SJDM's annual conference will be held at the Sheraton Centre in Toronto, ON, Canada, from November 12-14, 2005. As in 2004, we’ve added a full day (Saturday) to the schedule to make room for more presentations and for two keynote speakers:

Keynote speaker #1: Michael Posner, Professor Emeritus of Psychology, University of Oregon, and author of many path-breaking articles on neural mechanisms and structures underlying selective attention.

Keynote speaker #2: Xg4k%h Sh8&v@!, Due to heightened security, we cannot provide the name of the second keynote speaker at this point.

The deadline for submissions is July 15, 2005.
Submissions for symposia, oral presentations, and posters should be made through the SJDM website at http://sql.sjdm.org. Technical questions can be addressed to the Webmaster, Alan Schwartz, at www@sjdm.org. All other questions can be addressed to Judy Lin, at judylin@mit.edu.

At least one author of each presentation must be a member of SJDM. Joining at the time of submission will satisfy this requirement. A membership form may be downloaded from the SJDM website at http:/ www.sjdm.org. An individual may give only one talk (podium presentation) and present only one poster, but may be a co-author on multiple talks and/or posters.

The Best Student Poster Award is given for the best poster presentation whose first author is a student member of SJDM.

The Jane Beattie Travel Memorial Scholarship subsidizes travel to the United States for scholarly pursuits related to JDM research, including attendance of the annual meeting. Further details regarding these awards are available at http://www.sjdm.org.

Craig Fox (institutional memory)
Dan Ariely (program chair)
Derek Koehler (conference coordinator)
Ellen Peters (speaker coordinator)
George Wu (poster chair)

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April 17, 2005

What is Behavioral Economics?



"Behavioral economics [applies] scientific research on human and social cognitive and emotional [patterns] to better understand economic decisions and how they affect market prices, returns and the allocation of resources. The fields are primarily concerned with the rationality, or lack thereof, of economic agents. Behavioral models typically integrate insights from psychology with neo-classical economic theory... Behavioral analyses are mostly concerned with the effects of market decisions, but also those of public choice...

At the outset behavioral economics […] theories were developed almost exclusively from experimental observations and survey responses, though in more recent times real world data has taken a more prominent position. fMRI has also been used to determine which areas of the brain are active during various steps of economic decision making. Experiments simulating market situations such as stock market trading and auctions are seen as particularly useful as they can be used to isolate the effect of a particular [heuristic] upon behavior; observed market behavior can typically be explained in a number of ways, carefully designed experiments can help narrow the range of plausible explanations. Experiments are designed to be incentive compatible, with binding transactions involving real money [as] the norm. " (from Wikipedia)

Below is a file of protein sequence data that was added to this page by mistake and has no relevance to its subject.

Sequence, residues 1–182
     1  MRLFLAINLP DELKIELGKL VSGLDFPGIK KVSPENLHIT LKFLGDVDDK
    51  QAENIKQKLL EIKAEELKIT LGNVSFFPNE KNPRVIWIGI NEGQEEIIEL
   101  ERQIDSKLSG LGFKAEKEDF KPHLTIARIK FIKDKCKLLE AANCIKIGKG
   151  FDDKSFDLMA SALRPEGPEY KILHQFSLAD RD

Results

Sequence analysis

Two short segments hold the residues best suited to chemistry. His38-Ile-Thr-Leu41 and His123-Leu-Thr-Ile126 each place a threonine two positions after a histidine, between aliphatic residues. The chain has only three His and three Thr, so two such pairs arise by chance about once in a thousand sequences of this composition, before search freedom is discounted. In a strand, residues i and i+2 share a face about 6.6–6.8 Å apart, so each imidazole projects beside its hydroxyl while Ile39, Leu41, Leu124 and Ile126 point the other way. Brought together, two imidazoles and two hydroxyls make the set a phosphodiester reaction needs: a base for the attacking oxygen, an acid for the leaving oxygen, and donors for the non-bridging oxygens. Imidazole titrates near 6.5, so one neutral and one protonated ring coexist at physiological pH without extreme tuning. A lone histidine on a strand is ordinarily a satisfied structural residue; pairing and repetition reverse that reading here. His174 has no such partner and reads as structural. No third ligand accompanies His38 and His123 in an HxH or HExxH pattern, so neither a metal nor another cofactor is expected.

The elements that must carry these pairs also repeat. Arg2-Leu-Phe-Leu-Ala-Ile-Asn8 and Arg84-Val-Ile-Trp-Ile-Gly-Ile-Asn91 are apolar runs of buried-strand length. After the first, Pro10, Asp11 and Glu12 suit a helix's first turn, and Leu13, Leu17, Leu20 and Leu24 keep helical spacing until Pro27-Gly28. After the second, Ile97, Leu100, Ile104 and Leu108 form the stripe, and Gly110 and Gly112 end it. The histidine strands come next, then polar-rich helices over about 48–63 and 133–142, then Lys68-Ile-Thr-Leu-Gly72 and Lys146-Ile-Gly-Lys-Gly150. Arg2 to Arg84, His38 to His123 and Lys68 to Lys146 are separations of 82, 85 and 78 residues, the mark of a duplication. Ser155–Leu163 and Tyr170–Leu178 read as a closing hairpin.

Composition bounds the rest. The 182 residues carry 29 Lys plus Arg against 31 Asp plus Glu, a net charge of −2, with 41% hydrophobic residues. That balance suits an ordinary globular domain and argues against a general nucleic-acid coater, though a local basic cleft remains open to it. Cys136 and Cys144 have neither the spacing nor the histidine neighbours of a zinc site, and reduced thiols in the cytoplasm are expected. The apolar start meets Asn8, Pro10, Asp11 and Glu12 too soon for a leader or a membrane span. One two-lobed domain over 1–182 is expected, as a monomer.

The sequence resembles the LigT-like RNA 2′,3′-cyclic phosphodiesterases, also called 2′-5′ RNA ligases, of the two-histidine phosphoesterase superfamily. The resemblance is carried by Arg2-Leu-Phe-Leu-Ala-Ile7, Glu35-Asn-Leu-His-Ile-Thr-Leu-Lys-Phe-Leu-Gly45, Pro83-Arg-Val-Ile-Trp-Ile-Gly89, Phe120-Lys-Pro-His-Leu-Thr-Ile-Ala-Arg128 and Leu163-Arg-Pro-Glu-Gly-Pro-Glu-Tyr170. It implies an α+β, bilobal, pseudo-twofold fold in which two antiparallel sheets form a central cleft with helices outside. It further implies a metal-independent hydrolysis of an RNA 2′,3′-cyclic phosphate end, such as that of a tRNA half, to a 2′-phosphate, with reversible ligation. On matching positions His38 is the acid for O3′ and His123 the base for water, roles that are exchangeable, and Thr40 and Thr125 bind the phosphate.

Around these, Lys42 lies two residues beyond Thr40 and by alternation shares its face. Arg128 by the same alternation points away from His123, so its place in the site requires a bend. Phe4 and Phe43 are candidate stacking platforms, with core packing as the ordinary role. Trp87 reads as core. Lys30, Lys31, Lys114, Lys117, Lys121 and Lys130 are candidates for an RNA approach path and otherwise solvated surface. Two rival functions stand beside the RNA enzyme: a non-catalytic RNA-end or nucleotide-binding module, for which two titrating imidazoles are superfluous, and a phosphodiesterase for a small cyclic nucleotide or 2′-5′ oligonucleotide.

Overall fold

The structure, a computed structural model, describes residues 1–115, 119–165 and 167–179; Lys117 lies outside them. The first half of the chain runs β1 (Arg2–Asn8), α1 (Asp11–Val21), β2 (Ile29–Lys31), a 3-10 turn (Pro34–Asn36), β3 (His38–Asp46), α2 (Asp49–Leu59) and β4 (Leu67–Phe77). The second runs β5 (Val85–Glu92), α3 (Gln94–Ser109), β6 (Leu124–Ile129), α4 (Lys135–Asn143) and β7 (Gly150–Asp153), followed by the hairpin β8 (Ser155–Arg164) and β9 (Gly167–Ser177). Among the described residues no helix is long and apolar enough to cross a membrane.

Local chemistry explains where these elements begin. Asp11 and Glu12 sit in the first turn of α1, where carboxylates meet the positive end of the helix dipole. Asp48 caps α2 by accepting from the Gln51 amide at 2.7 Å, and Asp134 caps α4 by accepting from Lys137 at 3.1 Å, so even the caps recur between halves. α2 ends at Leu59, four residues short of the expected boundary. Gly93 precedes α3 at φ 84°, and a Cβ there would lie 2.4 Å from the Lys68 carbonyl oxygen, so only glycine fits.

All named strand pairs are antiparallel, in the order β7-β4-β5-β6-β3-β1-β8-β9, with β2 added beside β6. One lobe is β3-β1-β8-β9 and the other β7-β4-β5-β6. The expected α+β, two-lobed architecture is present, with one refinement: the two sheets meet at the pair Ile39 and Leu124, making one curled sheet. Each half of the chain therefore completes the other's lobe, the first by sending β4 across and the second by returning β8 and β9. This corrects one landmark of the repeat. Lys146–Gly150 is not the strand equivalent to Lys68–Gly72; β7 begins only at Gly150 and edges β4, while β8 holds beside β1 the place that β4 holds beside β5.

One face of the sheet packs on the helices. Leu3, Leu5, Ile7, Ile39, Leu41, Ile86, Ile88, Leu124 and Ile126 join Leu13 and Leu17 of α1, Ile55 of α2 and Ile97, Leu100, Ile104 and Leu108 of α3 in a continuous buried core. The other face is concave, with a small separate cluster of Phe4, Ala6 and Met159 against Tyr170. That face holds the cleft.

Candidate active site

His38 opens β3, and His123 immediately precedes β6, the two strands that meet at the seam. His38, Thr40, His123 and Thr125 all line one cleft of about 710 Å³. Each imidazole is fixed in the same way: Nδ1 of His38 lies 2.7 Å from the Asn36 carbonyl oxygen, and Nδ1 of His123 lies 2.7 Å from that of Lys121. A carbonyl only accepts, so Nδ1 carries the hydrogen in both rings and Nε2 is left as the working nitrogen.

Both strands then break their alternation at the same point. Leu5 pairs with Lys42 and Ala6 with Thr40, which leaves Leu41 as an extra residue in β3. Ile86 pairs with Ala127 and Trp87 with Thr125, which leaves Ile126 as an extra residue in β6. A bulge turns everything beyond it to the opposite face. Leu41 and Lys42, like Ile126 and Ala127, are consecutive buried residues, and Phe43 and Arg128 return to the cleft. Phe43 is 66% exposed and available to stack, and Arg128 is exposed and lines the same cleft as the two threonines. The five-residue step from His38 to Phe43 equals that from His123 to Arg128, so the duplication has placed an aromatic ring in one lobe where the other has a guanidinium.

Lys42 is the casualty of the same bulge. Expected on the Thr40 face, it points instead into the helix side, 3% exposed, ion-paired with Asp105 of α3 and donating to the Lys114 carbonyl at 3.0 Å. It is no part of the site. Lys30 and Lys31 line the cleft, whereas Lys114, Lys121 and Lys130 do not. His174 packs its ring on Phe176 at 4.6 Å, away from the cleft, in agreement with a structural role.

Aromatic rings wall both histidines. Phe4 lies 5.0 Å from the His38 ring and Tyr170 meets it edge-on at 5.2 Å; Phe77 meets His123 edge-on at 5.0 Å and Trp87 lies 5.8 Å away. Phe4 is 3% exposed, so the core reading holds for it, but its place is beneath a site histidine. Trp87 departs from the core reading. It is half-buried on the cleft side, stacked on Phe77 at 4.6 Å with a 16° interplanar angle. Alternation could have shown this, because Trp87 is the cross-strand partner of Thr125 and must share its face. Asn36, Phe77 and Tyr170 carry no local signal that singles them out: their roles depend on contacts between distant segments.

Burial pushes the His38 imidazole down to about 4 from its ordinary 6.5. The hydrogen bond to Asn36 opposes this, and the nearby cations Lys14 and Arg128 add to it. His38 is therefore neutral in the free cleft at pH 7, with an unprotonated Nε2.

*Save More Tomorrow: Using Behavioral Economics to Increase Employee Saving by Richard H. Thaler; University of Chicago and NBER and Shlomo Benartzi; UCLA Anderson

*Behavioral Economics by Sendhil Mullainathan; MIT and NBER and Richard H. Thaler; University of Chicago and NBER

*Behavioral Economics and Institutional Innovation by Robert J. Shiller; Yale University

*Amos Tversky and the Ascent of Behavioral Economics by David Laibson; Harvard University and Richard Zeckhauser; Harvard University

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April 10, 2005

What is Neuroeconomics?



Neuroeconomics is a multidisciplinary research field incorporating neuroscience, economics, and psychology aimed at developing an understanding of how we make choices. It looks at the brain when we evaluate decisions, categorize risks and rewards, and when we interact with others. (from Wikipedia)

"Neuroeconomics is an interdisciplinary research program with the goal of building a biological model of decision making in economic environments. Neuroeconomists ask, how does the embodied brain enable the mind (or groups of minds) to make economic decisions? By combining techniques from cognitive neuroscience and experimental economics we can now watch neural activity in real time, observe how this activity depends on the economic environment, and test hypotheses about how the emergent mind makes economic decisions. Neuroeconomics allows us to better understand both the wide range of heterogeneity in human behavior, and the role of institutions as ordered extensions of our minds." (from the Neuroeconomics Explained post from professor Kevin McCabe's Weblog)


* From The New York Times: Brain Experts Now Follow the Money:

"People are efficient, rational beings who tirelessly act in their own self-interest. They make financial decisions based on reason, not emotion. And naturally, most save money for that proverbial rainy day. Right?... Well, no. In making financial decisions, people are regularly influenced by gut feelings and intuitions. They cooperate with total strangers, gamble away the family paycheck and squander their savings on investments touted by known liars...

Such human frailties may seem far too complicated and unpredictable to fold into economic equations. But now many neuroscientists are beginning to argue that it is time to create a new field of study, called neuroeconomics...